Chapter 3 Leading Effective Teams
- Identify roles of various health care professionals
- Explore interprofessional communication strategies
- Review team attributes that impact system outcomes
All health care providers must be prepared to work together in clinical practice with a common goal of building a safer, more effective, patient-centered health care system. The World Health Organization (WHO) defines as multiple health workers from different professional backgrounds working together with patients, families, caregivers, and communities to deliver the highest quality of care (World Health Organization, 2010).
Effective teamwork and communication have been proven to reduce medical errors, promote a safety culture, and improve patient outcomes (AHRQ, 2015). The importance of effective interprofessional collaboration has become even more important as nurses advocate to reduce health disparities related to social determinants of health (SDOH). In these efforts, nurses work with people from a variety of professions, such as physicians, social workers, educators, policy makers, attorneys, faith leaders, government employees, community advocates, and community members. Nurses must be prepared to effectively collaborate interprofessionally in a variety of health care settings (National Academies of Sciences, Engineering, and Medicine, 2021).
The Interprofessional Education Collaborative (IPEC) has identified four core competencies for effective interprofessional collaborative practice. This chapter will review content related to these four core competencies and provide examples of effective teamwork in health systems.
The Interprofessional Education Collaborative (IPEC) established standard core competencies for effective interprofessional collaborative practice. The competencies guide the education and practice of health professionals with the necessary knowledge, skills, values, and attitudes to collaboratively work together in providing client care. See Table 3.2 for a description of the four IPEC core competencies (Interprofessional Education Collaborative, n.d.). Each of these competencies will be further discussed in the following sections of this chapter.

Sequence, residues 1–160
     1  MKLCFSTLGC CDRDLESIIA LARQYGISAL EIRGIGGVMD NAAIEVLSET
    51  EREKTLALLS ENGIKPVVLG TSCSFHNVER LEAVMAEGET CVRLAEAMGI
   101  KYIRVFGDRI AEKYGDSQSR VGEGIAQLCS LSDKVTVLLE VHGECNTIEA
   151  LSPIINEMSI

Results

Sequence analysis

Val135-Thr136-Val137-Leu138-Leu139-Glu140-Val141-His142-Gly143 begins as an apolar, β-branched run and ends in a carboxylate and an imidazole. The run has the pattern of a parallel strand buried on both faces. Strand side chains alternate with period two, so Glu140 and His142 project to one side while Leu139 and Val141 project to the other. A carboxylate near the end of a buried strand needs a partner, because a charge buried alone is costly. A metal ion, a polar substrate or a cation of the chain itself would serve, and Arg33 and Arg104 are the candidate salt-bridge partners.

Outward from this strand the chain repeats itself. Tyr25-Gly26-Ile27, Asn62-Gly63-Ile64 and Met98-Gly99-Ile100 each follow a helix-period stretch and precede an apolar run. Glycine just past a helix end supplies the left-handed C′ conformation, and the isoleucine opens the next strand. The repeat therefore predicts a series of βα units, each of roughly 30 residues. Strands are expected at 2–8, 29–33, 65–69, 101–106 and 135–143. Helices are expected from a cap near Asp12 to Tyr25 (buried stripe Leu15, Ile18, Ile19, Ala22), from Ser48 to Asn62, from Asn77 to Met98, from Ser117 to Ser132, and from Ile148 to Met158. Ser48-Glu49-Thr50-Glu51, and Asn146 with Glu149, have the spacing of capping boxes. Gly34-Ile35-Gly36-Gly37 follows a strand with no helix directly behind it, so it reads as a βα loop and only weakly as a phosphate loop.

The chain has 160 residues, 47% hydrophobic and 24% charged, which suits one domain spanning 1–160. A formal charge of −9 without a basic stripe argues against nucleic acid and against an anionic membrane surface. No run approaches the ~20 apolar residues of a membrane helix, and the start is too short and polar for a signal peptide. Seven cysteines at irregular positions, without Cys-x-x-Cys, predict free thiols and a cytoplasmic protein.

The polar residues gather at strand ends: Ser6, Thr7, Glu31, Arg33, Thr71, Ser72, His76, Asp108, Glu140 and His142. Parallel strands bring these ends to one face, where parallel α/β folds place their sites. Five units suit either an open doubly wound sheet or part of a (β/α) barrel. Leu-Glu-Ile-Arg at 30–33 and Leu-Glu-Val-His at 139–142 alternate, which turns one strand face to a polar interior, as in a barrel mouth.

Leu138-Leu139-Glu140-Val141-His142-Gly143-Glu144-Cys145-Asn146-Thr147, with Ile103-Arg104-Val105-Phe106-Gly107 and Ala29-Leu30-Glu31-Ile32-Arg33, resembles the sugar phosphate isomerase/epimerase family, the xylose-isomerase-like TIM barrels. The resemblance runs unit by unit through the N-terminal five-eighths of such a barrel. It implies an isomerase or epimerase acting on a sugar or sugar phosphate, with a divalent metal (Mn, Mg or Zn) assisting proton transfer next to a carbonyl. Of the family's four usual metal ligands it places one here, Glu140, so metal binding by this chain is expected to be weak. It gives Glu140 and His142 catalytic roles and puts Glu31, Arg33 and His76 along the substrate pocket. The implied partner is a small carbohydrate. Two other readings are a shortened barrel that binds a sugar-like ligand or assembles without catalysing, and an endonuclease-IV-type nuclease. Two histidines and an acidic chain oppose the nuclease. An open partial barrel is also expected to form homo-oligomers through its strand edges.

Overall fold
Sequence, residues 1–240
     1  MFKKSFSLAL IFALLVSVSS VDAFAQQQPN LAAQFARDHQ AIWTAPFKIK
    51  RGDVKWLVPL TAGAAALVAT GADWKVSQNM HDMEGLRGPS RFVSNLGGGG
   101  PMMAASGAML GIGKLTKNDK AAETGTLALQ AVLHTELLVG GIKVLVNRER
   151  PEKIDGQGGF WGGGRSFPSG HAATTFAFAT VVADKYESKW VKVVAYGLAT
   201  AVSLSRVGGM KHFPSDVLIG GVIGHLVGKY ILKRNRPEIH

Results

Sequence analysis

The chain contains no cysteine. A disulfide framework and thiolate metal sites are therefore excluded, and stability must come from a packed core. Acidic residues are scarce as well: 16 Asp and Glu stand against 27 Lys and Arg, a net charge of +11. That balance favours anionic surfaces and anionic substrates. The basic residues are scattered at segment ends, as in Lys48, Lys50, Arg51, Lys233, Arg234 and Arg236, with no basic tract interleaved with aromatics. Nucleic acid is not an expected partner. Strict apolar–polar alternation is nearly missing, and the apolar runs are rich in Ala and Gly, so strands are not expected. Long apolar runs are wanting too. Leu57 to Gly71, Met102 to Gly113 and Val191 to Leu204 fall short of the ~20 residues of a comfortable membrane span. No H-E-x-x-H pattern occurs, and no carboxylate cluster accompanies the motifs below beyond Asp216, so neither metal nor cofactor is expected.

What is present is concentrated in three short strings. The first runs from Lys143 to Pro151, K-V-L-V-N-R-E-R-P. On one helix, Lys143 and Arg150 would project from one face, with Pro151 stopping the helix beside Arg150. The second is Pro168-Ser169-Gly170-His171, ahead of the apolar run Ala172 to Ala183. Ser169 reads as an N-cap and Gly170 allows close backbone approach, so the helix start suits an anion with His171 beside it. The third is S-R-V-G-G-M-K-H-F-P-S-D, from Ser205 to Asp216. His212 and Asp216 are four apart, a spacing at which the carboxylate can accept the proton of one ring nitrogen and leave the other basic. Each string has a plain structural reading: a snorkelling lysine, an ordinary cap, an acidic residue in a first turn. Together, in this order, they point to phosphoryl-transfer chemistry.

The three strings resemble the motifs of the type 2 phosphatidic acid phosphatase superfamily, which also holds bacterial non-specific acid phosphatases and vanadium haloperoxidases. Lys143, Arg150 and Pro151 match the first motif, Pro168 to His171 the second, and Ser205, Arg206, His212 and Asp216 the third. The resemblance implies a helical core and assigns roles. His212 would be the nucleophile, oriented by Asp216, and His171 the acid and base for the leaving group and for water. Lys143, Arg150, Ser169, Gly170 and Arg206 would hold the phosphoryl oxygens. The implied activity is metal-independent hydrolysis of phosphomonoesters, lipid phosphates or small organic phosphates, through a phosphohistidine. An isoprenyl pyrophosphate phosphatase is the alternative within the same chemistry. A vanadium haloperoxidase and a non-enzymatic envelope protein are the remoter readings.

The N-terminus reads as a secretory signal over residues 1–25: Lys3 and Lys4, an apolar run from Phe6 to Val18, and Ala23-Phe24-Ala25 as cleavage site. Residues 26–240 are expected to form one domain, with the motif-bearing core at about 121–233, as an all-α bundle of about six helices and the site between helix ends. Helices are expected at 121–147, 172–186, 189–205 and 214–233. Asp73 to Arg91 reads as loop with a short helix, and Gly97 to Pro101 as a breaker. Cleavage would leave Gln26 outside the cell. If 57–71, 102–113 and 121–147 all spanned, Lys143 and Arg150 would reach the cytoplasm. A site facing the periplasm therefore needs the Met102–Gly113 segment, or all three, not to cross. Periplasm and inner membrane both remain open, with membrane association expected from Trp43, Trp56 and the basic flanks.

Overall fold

Table 3.1 IPEC Core Competencies
|Competency 1: Values/Ethics for Interprofessional Practice
Work with individuals of other professions to maintain a climate of mutual respect and shared values.
|Competency 2: Roles/Responsibilities
Use the knowledge of one’s own role and those of other professions to appropriately assess and address the health care needs of patients and to promote and advance the health of populations.
|Competency 3: Interprofessional Communication
Communicate with patients, families, communities, and professionals in health and other fields in a responsive and responsible manner that supports a team approach to the promotion and maintenance of health and the prevention and treatment of disease.
|Competency 4: Teams and Teamwork
Apply relationship-building values and the principles of team dynamics to perform effectively in different team roles to plan, deliver, and evaluate patient/population-centered care and population health programs and policies that are safe, timely, efficient, effective, and equitable.
(Interprofessional Education Collaborative, n.d.)
Next: 3.1 Roles and Responsibilities of Health Care Professionals
Multiple health workers from different professional backgrounds working together with patients, families, caregivers, and communities to deliver the highest quality of care.